Yet there are still more questions than answers regarding which components will be made on U.S. soil, which companies will make them, and where. New York, New Jersey, Maryland, Rhode Island and Virginia are all vying for a central role in the offshore wind supply chain. “What are you seeing is a cluster emerging in the Northeast, and there will probably be a cluster emerging in the Mid-Atlantic,” said Thomas Brostrøm, president of North America for Orsted, the world’s leading offshore wind developer.
Gov. Ralph Northam is pushing a plan for Virginia — and Hampton Roads — to become a supply chain and service hub for offshore wind energy development in the Atlantic. The plan is part of a “roadmap” that the governor’s office recently released on ways to attract investors, developers and manufacturers as the offshore wind industry gathers steam in the U.S.
CVOW supporters agree that investing in a pilot project with a higher per-kilowatt-hour cost but lower overall capital expenditures could lead to more rapid development of larger, less expensive offshore wind farms in the Southeast. Indeed, costs have dropped significantly over the last several years mainly due to the scaling up of the industry in Europe and better management of project development risk.
The pressure to make the turbines happen isn't just coming from the Legislature — it's also coming from the Democratic governor, Ralph Northam. A reworked energy master plan published by his administration's energy officials this month calls for the state to install 2 GW of offshore wind over a decade.
Northam cited Virginia’s location and deep expertise in shipbuilding and other trades as reasons why it could also support manufacturing. He added that 14,000 jobs could ultimately support the industry in Virginia. Northam said Virginia “has a clear opportunity to act as a change agent in driving the development of U.S. offshore wind.”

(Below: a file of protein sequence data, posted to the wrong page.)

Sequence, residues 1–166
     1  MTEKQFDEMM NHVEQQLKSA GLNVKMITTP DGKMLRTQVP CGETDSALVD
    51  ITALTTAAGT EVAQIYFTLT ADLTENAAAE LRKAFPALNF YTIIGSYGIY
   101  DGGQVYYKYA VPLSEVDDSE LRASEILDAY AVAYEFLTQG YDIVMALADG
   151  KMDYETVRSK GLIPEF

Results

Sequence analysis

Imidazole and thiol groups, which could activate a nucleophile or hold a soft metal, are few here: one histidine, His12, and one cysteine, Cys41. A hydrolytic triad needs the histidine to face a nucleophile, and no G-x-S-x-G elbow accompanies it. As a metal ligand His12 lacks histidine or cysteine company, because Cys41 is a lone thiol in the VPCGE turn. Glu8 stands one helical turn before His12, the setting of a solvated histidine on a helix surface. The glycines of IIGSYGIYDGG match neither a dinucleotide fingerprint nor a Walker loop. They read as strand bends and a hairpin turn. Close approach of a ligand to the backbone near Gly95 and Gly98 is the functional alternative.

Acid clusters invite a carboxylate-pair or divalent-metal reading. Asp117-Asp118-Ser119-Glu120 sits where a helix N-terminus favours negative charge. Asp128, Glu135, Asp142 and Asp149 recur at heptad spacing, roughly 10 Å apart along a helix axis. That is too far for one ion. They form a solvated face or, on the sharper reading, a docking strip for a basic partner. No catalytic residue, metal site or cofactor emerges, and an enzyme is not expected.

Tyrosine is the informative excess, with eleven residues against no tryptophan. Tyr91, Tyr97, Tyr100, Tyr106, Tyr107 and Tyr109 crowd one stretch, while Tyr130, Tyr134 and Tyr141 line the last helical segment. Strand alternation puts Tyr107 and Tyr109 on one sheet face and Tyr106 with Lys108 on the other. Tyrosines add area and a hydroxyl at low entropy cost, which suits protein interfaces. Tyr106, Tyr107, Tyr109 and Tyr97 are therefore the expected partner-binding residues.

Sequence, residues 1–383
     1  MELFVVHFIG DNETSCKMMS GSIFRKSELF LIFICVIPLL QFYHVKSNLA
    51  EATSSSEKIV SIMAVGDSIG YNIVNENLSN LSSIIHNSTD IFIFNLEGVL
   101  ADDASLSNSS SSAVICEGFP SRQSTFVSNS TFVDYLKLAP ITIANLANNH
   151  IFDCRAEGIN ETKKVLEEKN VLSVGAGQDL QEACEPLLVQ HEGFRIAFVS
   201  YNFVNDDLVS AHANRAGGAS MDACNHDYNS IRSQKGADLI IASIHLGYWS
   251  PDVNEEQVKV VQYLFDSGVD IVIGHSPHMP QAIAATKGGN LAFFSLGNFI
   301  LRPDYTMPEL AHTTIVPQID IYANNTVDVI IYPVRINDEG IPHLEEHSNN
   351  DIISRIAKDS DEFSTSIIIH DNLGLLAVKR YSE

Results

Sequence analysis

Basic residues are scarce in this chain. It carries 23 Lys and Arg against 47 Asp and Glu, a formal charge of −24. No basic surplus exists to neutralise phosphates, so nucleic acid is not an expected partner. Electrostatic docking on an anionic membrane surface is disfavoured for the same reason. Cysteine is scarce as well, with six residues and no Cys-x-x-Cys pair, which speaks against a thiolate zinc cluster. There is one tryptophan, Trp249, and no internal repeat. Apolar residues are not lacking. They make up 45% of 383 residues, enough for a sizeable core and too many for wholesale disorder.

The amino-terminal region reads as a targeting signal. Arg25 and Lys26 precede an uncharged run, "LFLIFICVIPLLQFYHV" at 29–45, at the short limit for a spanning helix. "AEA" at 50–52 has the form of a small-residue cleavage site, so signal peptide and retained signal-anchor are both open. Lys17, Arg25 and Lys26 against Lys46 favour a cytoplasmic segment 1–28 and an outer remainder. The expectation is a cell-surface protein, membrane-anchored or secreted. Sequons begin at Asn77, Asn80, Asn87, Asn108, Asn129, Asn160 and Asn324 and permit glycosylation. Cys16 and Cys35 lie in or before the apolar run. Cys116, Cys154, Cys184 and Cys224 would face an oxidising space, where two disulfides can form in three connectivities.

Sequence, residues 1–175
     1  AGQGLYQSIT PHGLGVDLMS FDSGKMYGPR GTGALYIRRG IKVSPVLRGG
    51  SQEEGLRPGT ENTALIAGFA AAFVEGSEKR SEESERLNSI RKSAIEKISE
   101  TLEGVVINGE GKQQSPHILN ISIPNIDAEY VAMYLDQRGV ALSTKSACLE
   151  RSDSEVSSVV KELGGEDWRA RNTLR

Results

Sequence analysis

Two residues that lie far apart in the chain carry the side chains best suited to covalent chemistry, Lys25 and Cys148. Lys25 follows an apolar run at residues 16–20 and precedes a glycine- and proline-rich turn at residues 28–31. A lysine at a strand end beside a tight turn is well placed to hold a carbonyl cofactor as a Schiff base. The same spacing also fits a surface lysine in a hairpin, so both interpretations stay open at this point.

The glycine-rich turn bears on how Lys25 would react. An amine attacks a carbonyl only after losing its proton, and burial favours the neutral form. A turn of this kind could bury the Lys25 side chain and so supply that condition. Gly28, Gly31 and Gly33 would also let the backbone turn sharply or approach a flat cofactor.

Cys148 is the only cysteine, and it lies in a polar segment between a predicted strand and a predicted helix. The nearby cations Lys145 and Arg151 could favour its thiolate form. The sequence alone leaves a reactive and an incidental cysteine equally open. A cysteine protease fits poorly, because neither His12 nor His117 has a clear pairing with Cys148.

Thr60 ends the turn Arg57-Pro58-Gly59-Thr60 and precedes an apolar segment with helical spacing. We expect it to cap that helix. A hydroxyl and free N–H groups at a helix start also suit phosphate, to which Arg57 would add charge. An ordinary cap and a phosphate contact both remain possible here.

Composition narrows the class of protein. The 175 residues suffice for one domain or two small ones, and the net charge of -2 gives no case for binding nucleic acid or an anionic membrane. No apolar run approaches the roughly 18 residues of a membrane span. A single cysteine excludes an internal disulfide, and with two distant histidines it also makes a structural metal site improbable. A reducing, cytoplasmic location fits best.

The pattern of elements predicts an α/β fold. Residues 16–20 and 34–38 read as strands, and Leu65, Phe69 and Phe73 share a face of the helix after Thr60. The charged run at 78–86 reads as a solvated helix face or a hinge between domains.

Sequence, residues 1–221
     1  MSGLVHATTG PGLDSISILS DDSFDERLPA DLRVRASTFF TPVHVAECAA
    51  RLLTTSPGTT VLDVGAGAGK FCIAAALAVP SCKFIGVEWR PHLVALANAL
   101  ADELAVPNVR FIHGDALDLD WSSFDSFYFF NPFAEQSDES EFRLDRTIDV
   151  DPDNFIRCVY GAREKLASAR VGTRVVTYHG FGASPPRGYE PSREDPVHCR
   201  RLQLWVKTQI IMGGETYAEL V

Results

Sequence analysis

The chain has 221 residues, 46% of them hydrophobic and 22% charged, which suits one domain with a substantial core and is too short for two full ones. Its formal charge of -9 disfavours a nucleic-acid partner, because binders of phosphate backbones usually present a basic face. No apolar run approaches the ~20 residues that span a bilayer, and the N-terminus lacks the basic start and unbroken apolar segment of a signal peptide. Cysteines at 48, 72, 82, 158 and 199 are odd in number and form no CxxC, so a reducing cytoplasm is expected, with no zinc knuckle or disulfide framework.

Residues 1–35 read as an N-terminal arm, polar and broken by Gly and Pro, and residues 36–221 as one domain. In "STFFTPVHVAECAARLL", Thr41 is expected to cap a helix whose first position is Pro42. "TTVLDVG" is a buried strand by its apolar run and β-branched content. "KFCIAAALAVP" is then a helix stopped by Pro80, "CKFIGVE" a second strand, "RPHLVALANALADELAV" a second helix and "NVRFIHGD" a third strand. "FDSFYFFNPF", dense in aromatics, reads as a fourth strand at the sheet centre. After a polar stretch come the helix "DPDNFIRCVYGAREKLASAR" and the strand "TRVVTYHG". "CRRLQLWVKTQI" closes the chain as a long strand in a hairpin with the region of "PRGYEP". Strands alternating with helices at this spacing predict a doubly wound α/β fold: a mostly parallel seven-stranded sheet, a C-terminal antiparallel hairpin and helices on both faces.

Dominion Energy Virginia is about to map uncharted waters with a $300 million project to research the use of wind power off Virginia’s Atlantic coast to generate electricity for millions of homes and businesses in the state. “This is an important first step we know will lead us on a much longer journey,” Dominion CEO Thomas F. Farrell II said in a ceremony at the Nauticus museum Friday.
“Our [consultant] selection will assist Virginia in its aggressive pursuit of offshore wind supply chain and service industry business interests,” said John Warren, director of Virginia’s Department of Mines, Minerals and Energy, in a statement Monday. “We are excited to work with a team of experts with global experience on this long-term economic development opportunity.”
The dredging project will take the channels to 55 feet deep and widen them in select areas to allow for two-way traffic of ultra-large containerships. A channel that is equipped to handle two-way vessel traffic increases the pace of commerce and makes way for the expeditious movement of Navy vessels in a time of need.
“Virginia has great assets,” [Business Network for Offshore Wind executive director Liz] Burdock said, adding that she could envision the Hampton Roads area evolving into a hub for fabricating steel turbine foundations. Her nonprofit, founded in 2012, focuses on beefing up the U.S. supply chain up and down the East Coast.
The budget about to be signed by Gov. Ralph Northam includes $350 million to kick-start a major dredging project in the shipping channel. If the project goes forward, shipping channels in the port of Hampton Roads will go from 50 feet to 55 feet in some places, surpassing Los Angeles, the busiest port in the nation. A Northam spokeswoman said the expansion would increase the port’s capacity by 40 percent or, put another way, 1 million more containers.